ACROSS MISSISSIPPI — Spring rains are delaying the state’s corn planting much as they did in 2013, but growers will not complain if the season ends with another record harvest like last year’s.
The U.S. Department of Agriculture estimated the crop was just 64 percent planted by April 20, putting it farther behind than it was at this time last year and well behind the five-year average of 87 percent planted. It takes five to 10 days after a rain before growers are able to resume planting in saturated soils, and frequent rains have kept most growers from planting as intended.
Erick Larson, corn specialist with the Mississippi State University Extension Service, said despite rain and cold weather, it’s not too late to keep planting.
“Research at Mississippi State University shows that corn grown with irrigation can maintain its optimal yield potential even when planted past May 1,” Larson said. “Just like with any other crop, the planting window doesn’t really close. With modern hybrids and irrigation, we can sustain optimal yields later than previously thought, and the yield reduction associated with later plantings is much less than perceived.”
Rain also has hindered weed control efforts in newly planted fields. Jason Bond, a Mississippi Agricultural and Forestry Experiment Station weed scientist at MSU’s Delta Research and Extension Center in Stoneville, said wet weather delays burn-down herbicide applications for winter annual weeds, allowing them to continue growing.
“By the time the weather cooperates to allow an herbicide application, winter annual weeds are often too large to control with a single application,” Bond said. “This either means fields will be planted into existing stands of partially controlled weeds or an additional burn-down herbicide treatment will be required. This extra treatment may not have been included in the farm budget.”
One way to control summer annual weeds is to plant early when weather allows.
“Summer annual weeds do not emerge until the temperatures are warm. Ideally, corn is up and growing vigorously by the time summer weeds emerge,” Bond said. “Growers miss this opportunity if planting is delayed.”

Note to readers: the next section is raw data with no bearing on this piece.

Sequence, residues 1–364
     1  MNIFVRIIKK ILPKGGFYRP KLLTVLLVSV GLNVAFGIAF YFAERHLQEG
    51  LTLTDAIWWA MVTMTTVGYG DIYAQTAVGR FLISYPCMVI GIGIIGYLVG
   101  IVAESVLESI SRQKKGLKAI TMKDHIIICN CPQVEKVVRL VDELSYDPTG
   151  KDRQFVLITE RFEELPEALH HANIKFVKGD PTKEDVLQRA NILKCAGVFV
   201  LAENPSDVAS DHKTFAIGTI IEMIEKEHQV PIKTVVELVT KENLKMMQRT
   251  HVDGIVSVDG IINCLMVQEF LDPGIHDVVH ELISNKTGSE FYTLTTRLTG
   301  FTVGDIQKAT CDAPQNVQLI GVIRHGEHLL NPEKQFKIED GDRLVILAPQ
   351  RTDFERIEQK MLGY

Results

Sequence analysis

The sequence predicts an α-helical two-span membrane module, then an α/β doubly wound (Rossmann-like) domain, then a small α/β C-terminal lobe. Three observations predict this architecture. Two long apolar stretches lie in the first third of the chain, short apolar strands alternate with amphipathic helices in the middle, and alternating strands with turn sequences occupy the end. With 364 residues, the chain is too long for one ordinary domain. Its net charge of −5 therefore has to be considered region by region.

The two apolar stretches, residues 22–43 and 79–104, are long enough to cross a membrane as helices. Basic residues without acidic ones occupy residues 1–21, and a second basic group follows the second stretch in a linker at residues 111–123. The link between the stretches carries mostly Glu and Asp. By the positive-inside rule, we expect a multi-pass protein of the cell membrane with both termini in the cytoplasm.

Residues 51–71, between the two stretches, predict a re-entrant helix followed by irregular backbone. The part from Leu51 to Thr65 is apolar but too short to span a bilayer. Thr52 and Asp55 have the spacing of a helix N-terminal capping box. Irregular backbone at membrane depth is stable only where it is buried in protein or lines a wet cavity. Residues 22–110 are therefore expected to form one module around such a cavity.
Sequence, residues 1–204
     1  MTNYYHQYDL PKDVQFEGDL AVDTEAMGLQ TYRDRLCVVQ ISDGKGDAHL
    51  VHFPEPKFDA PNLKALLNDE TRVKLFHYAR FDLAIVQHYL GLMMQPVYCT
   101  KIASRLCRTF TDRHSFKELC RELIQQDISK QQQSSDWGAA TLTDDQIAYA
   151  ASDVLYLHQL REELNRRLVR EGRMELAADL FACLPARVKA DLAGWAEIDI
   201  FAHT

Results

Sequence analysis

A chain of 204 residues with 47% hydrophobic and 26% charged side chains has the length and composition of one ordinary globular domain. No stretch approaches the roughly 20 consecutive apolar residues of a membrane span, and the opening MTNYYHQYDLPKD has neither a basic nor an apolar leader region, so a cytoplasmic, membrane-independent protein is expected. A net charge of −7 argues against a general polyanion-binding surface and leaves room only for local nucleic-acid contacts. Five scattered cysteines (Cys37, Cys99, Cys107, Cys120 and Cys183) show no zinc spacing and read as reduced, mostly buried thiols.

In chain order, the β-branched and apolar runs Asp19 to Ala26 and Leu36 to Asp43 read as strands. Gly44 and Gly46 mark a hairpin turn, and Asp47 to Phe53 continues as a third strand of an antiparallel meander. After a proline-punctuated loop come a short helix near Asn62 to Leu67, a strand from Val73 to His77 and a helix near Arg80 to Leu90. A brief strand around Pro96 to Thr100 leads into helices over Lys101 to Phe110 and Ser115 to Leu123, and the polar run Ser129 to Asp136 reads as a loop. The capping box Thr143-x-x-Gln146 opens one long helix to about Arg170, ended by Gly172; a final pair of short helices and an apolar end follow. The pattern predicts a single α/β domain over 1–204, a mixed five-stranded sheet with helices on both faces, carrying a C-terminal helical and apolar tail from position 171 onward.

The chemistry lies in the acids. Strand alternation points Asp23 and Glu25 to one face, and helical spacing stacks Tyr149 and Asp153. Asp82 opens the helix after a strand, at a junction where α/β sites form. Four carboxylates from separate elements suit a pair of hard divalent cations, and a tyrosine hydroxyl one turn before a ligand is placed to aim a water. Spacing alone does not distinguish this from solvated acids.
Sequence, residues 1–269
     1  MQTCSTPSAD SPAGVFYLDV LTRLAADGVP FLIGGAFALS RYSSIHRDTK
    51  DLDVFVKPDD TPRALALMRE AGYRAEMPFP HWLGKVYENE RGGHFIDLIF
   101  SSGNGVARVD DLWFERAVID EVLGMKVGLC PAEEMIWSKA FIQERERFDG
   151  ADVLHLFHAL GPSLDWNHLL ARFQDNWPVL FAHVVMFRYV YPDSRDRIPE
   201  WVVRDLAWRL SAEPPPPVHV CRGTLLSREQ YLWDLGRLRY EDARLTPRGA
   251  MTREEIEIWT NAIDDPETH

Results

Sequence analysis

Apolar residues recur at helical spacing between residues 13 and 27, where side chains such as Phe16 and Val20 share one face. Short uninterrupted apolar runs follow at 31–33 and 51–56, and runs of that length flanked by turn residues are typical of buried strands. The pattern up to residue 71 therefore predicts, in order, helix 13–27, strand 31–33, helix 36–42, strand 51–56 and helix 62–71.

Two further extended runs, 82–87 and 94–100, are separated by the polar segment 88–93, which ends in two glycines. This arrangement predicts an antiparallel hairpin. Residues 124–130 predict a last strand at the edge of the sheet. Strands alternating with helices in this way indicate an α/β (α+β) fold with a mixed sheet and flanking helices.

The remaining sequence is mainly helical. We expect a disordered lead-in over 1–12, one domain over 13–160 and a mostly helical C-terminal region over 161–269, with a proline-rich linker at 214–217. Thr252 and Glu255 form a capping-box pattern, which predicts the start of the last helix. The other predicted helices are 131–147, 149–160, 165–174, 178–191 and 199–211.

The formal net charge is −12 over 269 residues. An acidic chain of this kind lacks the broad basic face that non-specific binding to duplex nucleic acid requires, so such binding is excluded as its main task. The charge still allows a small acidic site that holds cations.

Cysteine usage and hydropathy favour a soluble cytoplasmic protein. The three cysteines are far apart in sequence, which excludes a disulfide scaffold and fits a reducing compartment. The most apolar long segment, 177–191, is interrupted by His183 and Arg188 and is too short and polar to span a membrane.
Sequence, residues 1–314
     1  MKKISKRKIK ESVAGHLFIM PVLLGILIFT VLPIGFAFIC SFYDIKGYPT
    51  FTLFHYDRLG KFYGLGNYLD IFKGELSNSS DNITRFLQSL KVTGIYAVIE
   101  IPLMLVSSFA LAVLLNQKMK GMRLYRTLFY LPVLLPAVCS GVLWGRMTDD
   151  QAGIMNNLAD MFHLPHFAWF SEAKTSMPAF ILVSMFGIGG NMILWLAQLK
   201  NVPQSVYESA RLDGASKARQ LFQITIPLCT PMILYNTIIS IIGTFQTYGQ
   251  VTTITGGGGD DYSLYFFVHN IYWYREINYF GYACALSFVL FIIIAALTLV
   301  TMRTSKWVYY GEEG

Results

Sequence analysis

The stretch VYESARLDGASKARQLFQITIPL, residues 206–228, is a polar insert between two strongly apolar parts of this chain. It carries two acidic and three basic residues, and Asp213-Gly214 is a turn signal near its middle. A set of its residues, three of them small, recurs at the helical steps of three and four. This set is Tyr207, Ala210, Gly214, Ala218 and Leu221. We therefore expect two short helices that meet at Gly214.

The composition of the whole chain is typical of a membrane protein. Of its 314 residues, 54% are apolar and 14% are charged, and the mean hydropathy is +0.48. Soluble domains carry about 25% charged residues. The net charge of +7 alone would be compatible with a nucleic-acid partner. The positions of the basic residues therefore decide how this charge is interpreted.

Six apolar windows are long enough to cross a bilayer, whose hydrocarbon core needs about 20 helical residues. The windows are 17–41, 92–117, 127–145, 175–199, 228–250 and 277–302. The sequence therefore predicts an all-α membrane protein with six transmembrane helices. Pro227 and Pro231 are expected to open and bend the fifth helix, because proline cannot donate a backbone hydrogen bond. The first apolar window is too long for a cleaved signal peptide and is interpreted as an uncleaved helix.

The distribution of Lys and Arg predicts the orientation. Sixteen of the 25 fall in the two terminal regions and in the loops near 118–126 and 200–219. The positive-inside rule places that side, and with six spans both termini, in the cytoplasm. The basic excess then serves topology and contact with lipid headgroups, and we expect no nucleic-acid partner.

The saturated soils also threaten corn already in the ground.
“Corn is most vulnerable to saturated conditions when it has germinated but not emerged above the soil surface,” Larson said. “Some of the later planted corn may have more issues than that planted in early March.”
USDA reports that 42 percent of the planted corn had emerged by April 20, and this corn has faced some unseasonably low temperatures.
“Corn’s growing point is underground until it gets about a foot tall, largely protecting it from freeze and other factors that may cause topical burn,” Larson said. “The plant can readily withstand some burn damage as long as there is some green leaf left. Even if all the leaves are killed, the corn plant can generate new leaves if warm, dry weather promotes regrowth after a freeze.”
This year, Mississippi growers expect to plant 580,000 acres of corn, down from the 860,000 planted in 2013. Brian Williams, Extension agricultural economist, said price is a big part of the planned decrease.
“Nearby corn futures are trading for around $5.01 per bushel in late April,” Williams said. “For comparison, nearby corn futures were trading for close to $6.50 per bushel a year ago.”
Williams said corn prices were up in recent years because of short supplies that resulted from higher demand and drought. Prices are down this year largely due to a record 2013 harvest that replenished corn supplies.
“Although we aren’t expected to have as many acres this year, the harvest is still expected to be large as a result of improving yields,” he said.